Monday 20 November 2017

Three former Anglo Irish Bank officials face maximum sentences of five years each

Conor Gallagher

Three former Anglo Irish Bank officials face maximum sentences of five years each this afternoon for conspiring to conceal or alter bank accounts being sought by Revenue.

Former chief Operations Officer Tiarnan O'Mahoney, former company secretary Bernard Daly and former assistant manager Aoife Maguire were found guilty on Thursday on all charges by a jury after nearly seven hours deliberations and a two month trial.

A sentencing hearing began at noon today during which the court heard a summary of the case from an officer from the Garda Bureau of Fraud Investigation. The judge will hear mitigation arguments after lunch before moving on to sentencing

Prosecuting counsel Dominic McGinn SC told Judge Patrick McCartan that O'Mahoney and Daly face five years for the offence of giving false information to Revenue.

The remaining counts are conspiracy to commit an offence which is a common law crime and thus has no prescribed maximum sentence. However two of the actual offences carry five year terms and the prosecution said the protocol is for the judge to be guided by these.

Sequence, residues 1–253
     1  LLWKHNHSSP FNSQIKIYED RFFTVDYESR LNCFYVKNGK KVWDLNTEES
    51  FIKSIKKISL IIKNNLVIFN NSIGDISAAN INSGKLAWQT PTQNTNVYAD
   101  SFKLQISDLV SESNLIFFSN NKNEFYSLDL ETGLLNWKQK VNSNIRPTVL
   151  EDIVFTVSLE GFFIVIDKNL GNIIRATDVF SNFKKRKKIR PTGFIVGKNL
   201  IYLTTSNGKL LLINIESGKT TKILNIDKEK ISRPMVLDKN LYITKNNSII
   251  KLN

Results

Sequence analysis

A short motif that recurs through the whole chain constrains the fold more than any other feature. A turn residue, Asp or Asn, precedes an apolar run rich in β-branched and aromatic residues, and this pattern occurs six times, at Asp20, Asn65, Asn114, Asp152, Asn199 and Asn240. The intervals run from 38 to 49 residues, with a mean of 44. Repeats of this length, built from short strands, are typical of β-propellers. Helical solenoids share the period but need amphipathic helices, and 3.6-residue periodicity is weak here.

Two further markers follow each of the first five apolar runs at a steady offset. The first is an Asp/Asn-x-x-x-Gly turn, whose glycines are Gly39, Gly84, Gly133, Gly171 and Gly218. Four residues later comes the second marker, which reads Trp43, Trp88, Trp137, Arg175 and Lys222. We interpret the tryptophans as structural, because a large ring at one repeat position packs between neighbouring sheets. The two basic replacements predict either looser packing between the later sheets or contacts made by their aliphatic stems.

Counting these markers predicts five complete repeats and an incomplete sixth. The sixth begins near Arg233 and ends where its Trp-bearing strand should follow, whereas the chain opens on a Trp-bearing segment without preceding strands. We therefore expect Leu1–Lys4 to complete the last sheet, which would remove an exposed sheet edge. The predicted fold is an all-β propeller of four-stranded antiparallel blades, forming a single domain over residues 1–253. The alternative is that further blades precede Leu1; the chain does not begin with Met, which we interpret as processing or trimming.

One of the offences they conspired to commit, that of defrauding the Revenue, is not on the statute books in Ireland but the court heard the equivalent offence in the UK carries a ten year maximum.

Judge McCartan indicated he will treat the maximum for all offences to be five years as they all related to the same scheme.

Daly (67) of Collins Avenue West, Whitehall, Dublin, O'Mahoney (56) of Glen Pines, Enniskerry, Co. Wicklow and Maguire (62) of Rothe Abbey, South Circular Road, Kilmainham, Dublin had pleaded not guilty to seven charges.

The charges alleged that in 2003 and 2003 they conspired to hide or omit accounts, connected to Anglo chairman Sean FitzPatrick from Anglo's Core Banking System (CBS) or from documentation provided to Revenue, who were conducting an investigation into bogus non-resident accounts which may have been liable for Deposit Interest Retention Tax (DIRT).

There was a delay in taking the verdict yesterday because of an anonymous phone call to the office of the DPP saying that the jury foreman's wife was “very friendly” with Maguire. Judge McCartan decided that it was a hoax call after the jury foreman denied the claim.

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